Launched in June 2017, The Conversation Canada is an independent source of news and views from the academic and research community delivered directly to the public. The organization’s team of professional editors works with experts to unlock their knowledge for use by the wider public, with the aim of fostering better understanding of current affairs and complex issues and a higher quality of public discourse and conversations.

“When I came to The Conversation, I was concerned about the future of journalism in Canada,” notes Scott. “I think a lot of the large, department-store style outlets are not going to survive, and that we need to make sure that something emerges in their place to provide the reliable information necessary to a thriving democracy. It might not always seem like it, but I do believe that the majority of people out there are looking for accurate information, and that the problem is that they’ve come to question the reliability of their sources.”

For Sophia Rosenfeld, a professor of history at the University of Pennsylvania, the response from higher ed and the media to the “post-truth” era has in many instances been one of confusion. “My sense in general is that both the media and higher education have been flummoxed, finding themselves in a crisis of authority,” notes Rosenfeld. “The places that people once looked to for information are not garnering the kind of trust they once did. In this instance, we can either hunker down and try to keep resting on traditional authority, or we can try to think of new ways to create some kind of dialogue from outside and inside the institutions.”

For Rosenfeld, a major part of the crisis in truth is an increasingly absolutist definition of free speech being adopted by large swathes of the public. “In its original historical conception, the basic idea behind free speech was that there was a rational public sphere, and that the best ideas would win out, and that we would all come to a loose consensus about what the world was like,” says Rosenfeld. “But this has been thrown into question by the current practice of politics and developments in information technology. Even when you fact-check a false claim now, you end up moving the original false claim higher up a Google search and, in a sense, spread it even more.”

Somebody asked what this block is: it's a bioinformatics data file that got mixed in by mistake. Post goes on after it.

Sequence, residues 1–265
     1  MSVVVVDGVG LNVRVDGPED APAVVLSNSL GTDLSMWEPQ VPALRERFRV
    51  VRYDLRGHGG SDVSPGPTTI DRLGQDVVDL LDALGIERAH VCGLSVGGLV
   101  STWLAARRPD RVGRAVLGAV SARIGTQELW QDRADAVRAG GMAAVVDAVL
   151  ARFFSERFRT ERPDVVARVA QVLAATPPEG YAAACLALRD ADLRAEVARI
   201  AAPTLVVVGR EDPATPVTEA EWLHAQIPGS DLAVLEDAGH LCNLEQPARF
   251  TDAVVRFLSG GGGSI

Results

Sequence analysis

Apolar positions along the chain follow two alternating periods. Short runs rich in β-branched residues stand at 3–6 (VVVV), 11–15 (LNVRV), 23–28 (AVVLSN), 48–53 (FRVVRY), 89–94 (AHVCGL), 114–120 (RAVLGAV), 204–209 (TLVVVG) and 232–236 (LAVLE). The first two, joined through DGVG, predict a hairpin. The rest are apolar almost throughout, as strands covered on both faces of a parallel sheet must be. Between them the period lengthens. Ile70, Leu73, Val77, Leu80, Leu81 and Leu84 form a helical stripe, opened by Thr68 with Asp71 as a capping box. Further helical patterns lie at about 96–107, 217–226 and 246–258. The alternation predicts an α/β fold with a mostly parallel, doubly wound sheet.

In charting a way forward, Rosenfeld believes that higher ed and the media will need to find a way to re-establish the value of evidence while acknowledging the importance of beliefs that can be drawn from instinct and experience. “You don’t want to become a completely technocratic society,” concludes Rosenfeld, “but at the same time, you can’t set government policy by gut instinct with no concern for research and evidence, or for the kind of knowledge that is produced by sophisticated techniques that are learned in post-secondary institutions.”

Where Sampert, White, and Rosenfeld agree is that events like the Worldviews Conference provide an essential forum for members of the media, the academy, government, and the broader public to come together to discuss issues and co-create innovative solutions to the challenges of a “post-truth” world.

To learn more about the Worldviews Conference, peruse the incredible list of speakers, or register for the event, please visit the conference’s website.